Like a swarm of angry bees, unmanned aerial, ground, and sea vehicles automonously converge on enemy troops, aircraft and ships, decide what to do, then engage the enemy with surveillance or weapons to help U.S. forces defeat them. All this without direct human intervention. Sounds like science fiction? The American military is one of several working on the technology, called “swarming,” in order to make this scenario a reality.
According to the SWARMS project at the University of Pennsylvania, future military missions will rely on large, networked groups of small unmanned vehicles and sensors. Groups of this type will typically operate with little or no direct human supervision most of the time. It will be very difficult, if not impossible, to guarantee individual management or control in the kind of dynamic, resource-constrained, adversarial environments that characterize human warfare. Managing such large groups will thus be extremely challenging, and will require the application of new, yet-to-be-developed methods of communication, control, computation and sensing, specifically tailored to the command and control of large-scale, autonomous vehicle groups.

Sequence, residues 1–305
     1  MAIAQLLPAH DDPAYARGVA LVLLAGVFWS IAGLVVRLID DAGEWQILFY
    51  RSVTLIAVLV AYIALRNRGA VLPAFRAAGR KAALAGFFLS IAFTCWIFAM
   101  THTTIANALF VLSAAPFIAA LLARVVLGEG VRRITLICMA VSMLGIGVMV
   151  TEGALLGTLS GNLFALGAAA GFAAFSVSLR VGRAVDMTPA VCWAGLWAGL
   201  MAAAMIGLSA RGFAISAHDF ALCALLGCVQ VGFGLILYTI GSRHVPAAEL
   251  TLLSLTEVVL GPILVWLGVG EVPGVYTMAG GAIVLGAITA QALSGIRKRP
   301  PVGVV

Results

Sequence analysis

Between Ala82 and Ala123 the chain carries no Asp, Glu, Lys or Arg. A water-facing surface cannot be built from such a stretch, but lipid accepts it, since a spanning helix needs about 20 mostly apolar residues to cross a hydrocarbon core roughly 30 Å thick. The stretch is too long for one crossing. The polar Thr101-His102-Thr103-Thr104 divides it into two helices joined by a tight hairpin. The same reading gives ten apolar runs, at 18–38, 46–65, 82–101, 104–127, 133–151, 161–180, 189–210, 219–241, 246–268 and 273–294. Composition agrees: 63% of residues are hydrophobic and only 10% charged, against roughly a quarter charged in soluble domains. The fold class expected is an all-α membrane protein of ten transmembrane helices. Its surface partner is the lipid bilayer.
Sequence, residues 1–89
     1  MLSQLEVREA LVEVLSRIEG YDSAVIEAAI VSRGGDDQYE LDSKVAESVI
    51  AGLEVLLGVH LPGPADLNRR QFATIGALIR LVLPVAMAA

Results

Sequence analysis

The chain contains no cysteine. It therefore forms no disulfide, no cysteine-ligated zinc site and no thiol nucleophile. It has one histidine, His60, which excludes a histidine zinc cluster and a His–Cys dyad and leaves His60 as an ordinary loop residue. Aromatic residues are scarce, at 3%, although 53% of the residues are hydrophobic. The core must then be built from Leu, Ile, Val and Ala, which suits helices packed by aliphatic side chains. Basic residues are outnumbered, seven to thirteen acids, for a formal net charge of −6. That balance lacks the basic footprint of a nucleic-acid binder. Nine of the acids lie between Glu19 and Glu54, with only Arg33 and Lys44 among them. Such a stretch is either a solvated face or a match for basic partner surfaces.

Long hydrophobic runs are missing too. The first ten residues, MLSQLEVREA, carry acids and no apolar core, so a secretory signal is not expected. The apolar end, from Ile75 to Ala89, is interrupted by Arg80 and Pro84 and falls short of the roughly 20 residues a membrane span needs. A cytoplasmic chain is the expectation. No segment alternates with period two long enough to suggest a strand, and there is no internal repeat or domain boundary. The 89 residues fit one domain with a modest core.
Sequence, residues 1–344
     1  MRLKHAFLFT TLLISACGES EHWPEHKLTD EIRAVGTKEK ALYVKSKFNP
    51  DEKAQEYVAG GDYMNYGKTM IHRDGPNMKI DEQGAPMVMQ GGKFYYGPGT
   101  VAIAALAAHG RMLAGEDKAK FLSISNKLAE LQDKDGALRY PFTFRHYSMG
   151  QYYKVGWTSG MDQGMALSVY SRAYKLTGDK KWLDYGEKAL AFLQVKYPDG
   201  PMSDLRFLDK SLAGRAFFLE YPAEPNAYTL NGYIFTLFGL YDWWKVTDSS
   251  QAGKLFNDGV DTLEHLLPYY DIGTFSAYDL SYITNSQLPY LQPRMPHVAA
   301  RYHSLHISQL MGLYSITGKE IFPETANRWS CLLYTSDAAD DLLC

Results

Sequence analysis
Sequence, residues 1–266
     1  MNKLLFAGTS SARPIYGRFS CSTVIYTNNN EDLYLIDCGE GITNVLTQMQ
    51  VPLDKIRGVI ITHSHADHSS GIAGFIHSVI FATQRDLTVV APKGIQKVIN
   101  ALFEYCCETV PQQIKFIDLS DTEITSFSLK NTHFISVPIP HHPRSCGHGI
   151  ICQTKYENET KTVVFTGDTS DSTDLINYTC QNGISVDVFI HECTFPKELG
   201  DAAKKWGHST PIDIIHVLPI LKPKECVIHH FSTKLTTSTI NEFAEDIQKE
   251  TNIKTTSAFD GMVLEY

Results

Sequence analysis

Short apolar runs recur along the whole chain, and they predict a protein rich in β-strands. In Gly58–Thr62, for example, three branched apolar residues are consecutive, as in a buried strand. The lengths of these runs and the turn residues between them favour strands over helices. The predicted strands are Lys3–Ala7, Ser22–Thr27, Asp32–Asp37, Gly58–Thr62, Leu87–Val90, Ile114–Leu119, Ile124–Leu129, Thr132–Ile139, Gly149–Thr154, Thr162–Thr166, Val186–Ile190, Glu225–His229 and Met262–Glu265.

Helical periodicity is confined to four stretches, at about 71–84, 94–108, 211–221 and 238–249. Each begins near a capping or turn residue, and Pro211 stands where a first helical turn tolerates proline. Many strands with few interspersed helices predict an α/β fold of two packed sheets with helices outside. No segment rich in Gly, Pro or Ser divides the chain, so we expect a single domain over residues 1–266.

DID has more on a recent NAVAIR contract, and the swarm concept…
The Columbia Group, a small business based in Washington, DC received a $10.6 million firm-fixed-price contract to provide 3 Pluto Plus unmanned undersea vehicles (UUV), associated technical support and training to the Egyptian Navy under the Foreign Military Sales (FMS) program. The Pluto Plus system is a remotely operated UUV intended primarily for military use in mine identification and destruction.
Work is beginning on a $9.9 million Unmanned Anti-Submarine Warfare Support Facility, which will be located at the Naval Undersea Warfare Center (NUWC) Division, Newport. A World War II era building, originally built as a steam plant on the waterfront of Narragansett Bay, will be converted to support integrated testing and evaluation of USVs (Unmanned surface Vehicles) and UUVs (Unmanned Undersea Vehicles) on the Narragansett Range. The instrumented range will be used for testing UUVs and USVs, swimmer delivery systems, payloads, torpedoes, targets, underwater surveillance, swimmer defense systems and related undersea technologies.